What are NGOs? How are they funded? What is their role in BDS and other campaigns of delegitimization?
Non-governmental organizations (NGOs) that claim to promote human rights agendas often receive significant portions of their budgets from governments. While these NGOs claim to work towards humanitarian ends, many, especially those involved in conflict zones such as the Arab-Israeli conflict, engage in highly politicized and biased campaigns. These NGOs are active in delegitimization against Israel, and, using the language of “human rights” and “international law,” work to isolate Israel and undermine its right to exist, through strategies such as BDS (boycotts, divestment, and sanctions).
What is an NGO?
NGOs are non-governmental organizations. They are civil society associations that ostensibly work independently from governments to provide and advance services in social and political fields. NGOs and ubiquitous: for example, in Israel alone there are about 40,000 NGOs that are active in numerous aspects of life, and their activities include providing services, lobbying the government, legal action, and advocating various causes. Although NGOs prefer to be seen as grassroots groups, representing underprivileged and underserved populations and “speaking truth to power,” many NGOs have large budgets and are very powerful political actors themselves. They are highly influential, affecting change in government policy through lobbying and expensive media campaigns. For instance, groups such as Human Rights Watch and Amnesty International have massive budgets and close links to Western governments, and wield influence in international frameworks such as the United Nations. In addition, many NGOs receive significant funding from governments, belying claims of independence and “non-governmental” status. In fact, NGOs are non-democratic and unaccountable. NGO officials are not elected and tend to represent a narrow sliver of like-minded ideologues. NGO Monitor’s research touches on a small subset of NGOs in Israel and around the world, those that make human rights claims in the context of conflict zones. Most of our work focuses on the Arab-Israeli conflict.
The Durban Strategy
In September 2001, the UN held the World Conference against Racism in Durban, South Africa, consisting of three parallel gatherings: an official diplomatic forum, a youth summit, and a massive NGO Forum. An estimated 7,000 delegates from more than 1,500 NGOs participated in the three-day NGO Forum, made possible by grants from the Ford Foundation and various governments. The atmosphere and rhetoric at the NGO Forum featured a high level of vitriol. Israel was accused of perpetrating a “Holocaust,” Israeli soldiers were portrayed as Nazis, and antisemitism cartoons and images were distributed. The NGO Forum’s final declaration condemned Israel’s “perpetration of racist crimes against humanity including ethnic cleansing, acts of genocide.” The document called for “a policy of complete and total isolation of Israel as an apartheid state… the imposition of mandatory and comprehensive sanctions and embargoes, the full cessation of all links (diplomatic, economic, social, aid, military cooperation, and training) between all states and Israel.” The document also called for “condemnation of those states who (sic) are supporting, aiding and abetting the Israeli apartheid state and its perpetration of racist crimes against humanity including ethnic cleansing, acts of genocide.” This plan of attack, or “Durban Strategy,” represents a shift in the war against Israel – from attempts to destroy Israel through military power and terror attacks, to a “soft power” political war aimed at erasing Israel through “non-violent” means.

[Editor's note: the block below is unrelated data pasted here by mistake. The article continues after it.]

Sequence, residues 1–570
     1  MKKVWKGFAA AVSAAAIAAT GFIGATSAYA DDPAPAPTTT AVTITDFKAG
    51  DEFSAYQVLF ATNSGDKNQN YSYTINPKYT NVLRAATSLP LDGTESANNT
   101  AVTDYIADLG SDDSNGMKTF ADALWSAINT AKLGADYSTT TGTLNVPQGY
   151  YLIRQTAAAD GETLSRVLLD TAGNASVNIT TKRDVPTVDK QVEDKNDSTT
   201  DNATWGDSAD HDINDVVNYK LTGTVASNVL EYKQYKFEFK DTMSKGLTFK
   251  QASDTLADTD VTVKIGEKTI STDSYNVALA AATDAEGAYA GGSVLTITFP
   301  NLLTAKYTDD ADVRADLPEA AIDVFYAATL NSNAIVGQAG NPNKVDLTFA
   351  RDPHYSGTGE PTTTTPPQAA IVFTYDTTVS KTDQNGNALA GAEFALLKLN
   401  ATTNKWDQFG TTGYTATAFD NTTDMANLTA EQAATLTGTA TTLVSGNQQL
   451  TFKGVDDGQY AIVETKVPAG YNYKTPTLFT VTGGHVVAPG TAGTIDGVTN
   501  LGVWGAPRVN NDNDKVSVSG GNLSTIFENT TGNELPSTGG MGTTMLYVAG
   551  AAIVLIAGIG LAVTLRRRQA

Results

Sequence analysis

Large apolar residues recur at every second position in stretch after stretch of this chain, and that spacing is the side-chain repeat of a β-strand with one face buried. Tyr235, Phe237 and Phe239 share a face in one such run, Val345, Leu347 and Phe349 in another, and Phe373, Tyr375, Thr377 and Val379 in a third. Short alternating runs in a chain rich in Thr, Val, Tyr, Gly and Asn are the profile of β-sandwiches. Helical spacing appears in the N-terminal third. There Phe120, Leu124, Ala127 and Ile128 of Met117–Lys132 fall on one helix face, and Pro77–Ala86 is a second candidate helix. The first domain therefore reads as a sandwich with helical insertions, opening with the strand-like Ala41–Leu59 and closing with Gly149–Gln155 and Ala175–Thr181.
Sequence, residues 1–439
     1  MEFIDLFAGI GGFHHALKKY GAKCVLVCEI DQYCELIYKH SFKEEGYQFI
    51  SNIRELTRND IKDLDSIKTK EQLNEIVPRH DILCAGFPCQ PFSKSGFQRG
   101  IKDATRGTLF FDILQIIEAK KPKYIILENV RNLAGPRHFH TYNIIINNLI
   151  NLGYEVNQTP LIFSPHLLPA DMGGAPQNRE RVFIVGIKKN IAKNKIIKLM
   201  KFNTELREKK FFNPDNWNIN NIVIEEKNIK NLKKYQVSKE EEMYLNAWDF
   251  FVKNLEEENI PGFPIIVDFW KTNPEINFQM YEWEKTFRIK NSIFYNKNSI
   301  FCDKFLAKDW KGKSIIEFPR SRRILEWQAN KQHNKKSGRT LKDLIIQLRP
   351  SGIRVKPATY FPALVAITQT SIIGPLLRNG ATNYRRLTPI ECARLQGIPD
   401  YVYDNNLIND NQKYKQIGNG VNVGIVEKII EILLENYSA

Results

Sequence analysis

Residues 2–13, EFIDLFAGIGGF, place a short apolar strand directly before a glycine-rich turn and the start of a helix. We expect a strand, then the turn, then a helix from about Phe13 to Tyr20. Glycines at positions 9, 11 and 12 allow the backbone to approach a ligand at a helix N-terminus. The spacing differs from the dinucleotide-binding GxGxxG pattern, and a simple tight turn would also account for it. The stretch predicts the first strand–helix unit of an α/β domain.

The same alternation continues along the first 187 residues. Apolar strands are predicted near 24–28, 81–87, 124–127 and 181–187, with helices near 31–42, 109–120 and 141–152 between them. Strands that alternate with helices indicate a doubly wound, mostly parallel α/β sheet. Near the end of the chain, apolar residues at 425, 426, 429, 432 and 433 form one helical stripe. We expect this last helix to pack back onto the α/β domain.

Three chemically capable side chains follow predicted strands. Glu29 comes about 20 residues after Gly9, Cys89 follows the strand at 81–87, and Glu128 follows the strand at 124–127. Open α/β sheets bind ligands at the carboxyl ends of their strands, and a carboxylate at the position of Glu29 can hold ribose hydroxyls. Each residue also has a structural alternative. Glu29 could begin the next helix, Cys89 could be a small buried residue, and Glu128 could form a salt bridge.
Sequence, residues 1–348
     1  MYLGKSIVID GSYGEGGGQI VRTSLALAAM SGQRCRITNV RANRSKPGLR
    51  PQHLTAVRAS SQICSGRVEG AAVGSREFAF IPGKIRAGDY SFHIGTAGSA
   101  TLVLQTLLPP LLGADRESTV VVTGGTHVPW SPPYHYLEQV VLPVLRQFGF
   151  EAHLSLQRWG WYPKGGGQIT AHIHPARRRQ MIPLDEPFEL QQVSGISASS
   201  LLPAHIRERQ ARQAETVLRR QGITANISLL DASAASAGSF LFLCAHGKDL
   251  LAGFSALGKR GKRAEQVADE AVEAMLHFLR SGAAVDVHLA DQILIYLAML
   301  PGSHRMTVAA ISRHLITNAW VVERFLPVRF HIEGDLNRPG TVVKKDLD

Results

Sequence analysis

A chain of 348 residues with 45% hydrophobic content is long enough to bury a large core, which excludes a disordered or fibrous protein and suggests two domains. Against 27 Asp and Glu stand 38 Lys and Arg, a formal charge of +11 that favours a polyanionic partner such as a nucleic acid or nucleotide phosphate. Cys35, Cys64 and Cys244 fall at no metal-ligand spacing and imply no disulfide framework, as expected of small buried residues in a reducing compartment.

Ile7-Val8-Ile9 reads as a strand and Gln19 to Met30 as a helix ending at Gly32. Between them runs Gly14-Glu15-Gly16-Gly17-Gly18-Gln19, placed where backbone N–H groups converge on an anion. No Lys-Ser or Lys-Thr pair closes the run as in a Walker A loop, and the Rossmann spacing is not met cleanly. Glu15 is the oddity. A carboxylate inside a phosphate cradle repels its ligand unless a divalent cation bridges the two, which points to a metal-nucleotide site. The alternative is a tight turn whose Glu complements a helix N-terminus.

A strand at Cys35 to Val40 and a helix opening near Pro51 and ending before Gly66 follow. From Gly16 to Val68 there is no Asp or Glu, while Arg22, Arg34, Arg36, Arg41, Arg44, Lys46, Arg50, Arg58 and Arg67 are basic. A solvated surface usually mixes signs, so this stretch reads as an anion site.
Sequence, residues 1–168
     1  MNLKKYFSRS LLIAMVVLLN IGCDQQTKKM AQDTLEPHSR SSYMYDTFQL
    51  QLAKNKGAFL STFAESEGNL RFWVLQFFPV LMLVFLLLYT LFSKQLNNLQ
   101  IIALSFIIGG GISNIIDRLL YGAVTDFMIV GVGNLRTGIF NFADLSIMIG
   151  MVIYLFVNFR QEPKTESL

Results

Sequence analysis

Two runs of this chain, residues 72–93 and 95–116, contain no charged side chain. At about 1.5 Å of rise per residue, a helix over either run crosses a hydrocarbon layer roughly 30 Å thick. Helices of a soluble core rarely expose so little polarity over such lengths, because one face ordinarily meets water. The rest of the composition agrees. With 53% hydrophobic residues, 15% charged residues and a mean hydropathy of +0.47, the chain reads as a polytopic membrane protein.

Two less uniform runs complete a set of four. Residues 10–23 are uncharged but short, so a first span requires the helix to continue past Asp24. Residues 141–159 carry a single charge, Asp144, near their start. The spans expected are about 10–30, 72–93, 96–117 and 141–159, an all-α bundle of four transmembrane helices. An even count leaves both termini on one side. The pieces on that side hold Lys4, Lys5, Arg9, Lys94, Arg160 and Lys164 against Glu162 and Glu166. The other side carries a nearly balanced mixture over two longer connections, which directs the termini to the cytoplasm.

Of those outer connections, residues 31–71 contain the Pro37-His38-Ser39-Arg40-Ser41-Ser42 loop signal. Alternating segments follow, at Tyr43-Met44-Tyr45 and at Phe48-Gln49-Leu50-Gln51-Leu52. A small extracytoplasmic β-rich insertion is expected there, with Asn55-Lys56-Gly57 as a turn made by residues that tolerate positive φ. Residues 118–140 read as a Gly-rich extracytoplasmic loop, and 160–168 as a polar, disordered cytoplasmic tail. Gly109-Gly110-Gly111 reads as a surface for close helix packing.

NGOs utilize many different tactics to delegitimize and demonize Israel, depending on their budget, standing, and capacity within the powerful NGO network. This political warfare, in line with the Durban Strategy, is based on the exploitation of human rights, double standards, use of apartheid rhetoric, and false accusations of war crimes. The most common tactic is BDS – Boycotts, Divestment, and Sanctions.
- Boycotts of products, culture, and academics – BDS activists lobby stores not to carry Israeli products and encourage others not to purchase them. They send letters to artists, musicians, authors, and academics, imploring them not to perform and appear in Israel or cooperate with Israeli institutions and pro-Israel individuals.
- Divestment from companies that do business with Israel – Distorting the concept of ethical investing, NGOs accuse companies that conduct business in Israel of involvement in war crimes and violations of international law.
- Sanctions against self-defense measures – Anti-Israel activists demand that the international community enact comprehensive sanctions against Israel – treating Israel as a pariah state. Other forms of sanctions include arms embargoes, which are premised on baseless charges of war crimes.
Another tactic, rooted in the Final Declaration of the NGO Forum, is “lawfare.” Lawfare comprises:
- Lawsuits and campaigns in foreign, domestic, and international courts, against Israeli officials and companies and governments that have relations with Israel;
- exploitation of judicial or quasi-judicial bodies to promote BDS and hamper counterterror measures;
- use of international legal rhetoric and distortion of international law as a basis for promoting BDS and other claims such as “war crimes,” “massacres,” “ethnic cleansing,” and “apartheid”;
- efforts to disrupt the Israeli judicial system;
- organizing provocations such as flotillas and violent demonstrations under the guise of humanitarian operations and international law.